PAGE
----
The FSA has advised people not to consume specific jars of the Korma sauce due to the risk of botulism poisoning

The FSA has advised people not to consume specific jars of the Korma sauce due to the risk of botulism poisoning

Loyd Grossman korma sauce, made by Premier Foods plc, is being recalled over a link to botulism contamination.

The Food Standards Agency (FSA) has advised people not to consume specific jars of the sauce due to the risk of botulism poisoning. Two members of the same family who contracted the infection have eaten from a jar of the concerned batch and been hospitalised in Scotland.

Botulism is rare in the UK and is caused by toxins produced by the bacterium Clostridium botulinum, which attacks the nervous system and can affect people of any age, the FSA said. The infection is not contagious and cannot be passed from person to person. Symptoms of foodborne botulism begin between 12 and 36 hours after consuming the contaminated food, but may appear in as little as six hours, the food agency added.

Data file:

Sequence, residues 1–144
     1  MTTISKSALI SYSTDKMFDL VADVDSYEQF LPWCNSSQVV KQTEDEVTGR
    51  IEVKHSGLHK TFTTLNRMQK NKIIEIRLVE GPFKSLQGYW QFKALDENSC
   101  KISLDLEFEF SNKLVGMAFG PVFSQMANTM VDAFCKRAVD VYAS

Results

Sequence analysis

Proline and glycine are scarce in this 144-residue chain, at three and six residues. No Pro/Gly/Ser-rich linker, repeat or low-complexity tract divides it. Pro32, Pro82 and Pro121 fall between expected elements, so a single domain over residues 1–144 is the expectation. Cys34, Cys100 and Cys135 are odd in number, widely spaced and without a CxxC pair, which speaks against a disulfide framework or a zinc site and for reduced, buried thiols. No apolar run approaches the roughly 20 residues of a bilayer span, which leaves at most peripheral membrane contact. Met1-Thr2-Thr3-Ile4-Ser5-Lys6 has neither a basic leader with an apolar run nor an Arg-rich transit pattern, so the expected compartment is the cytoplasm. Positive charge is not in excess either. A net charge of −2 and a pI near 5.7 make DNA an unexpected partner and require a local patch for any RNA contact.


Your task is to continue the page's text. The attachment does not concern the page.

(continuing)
The suspected batch has a best before date of February 2013 with a batch code of 1218R 07:21. Any consumer with a jar carrying these codes should avoid eating the product.

A spokesperson for Premier said: "At this stage, we understand that the incident relates to a single jar of korma sauce. There is no evidence of any broader contamination, no further reports of illness have been notified to the authorities and we have had no consumer complaints of illness related to this product."

Premier is investigating the cause of the incident, including how the jar may have been transported and stores after leaving the factory, the spokesperson added.

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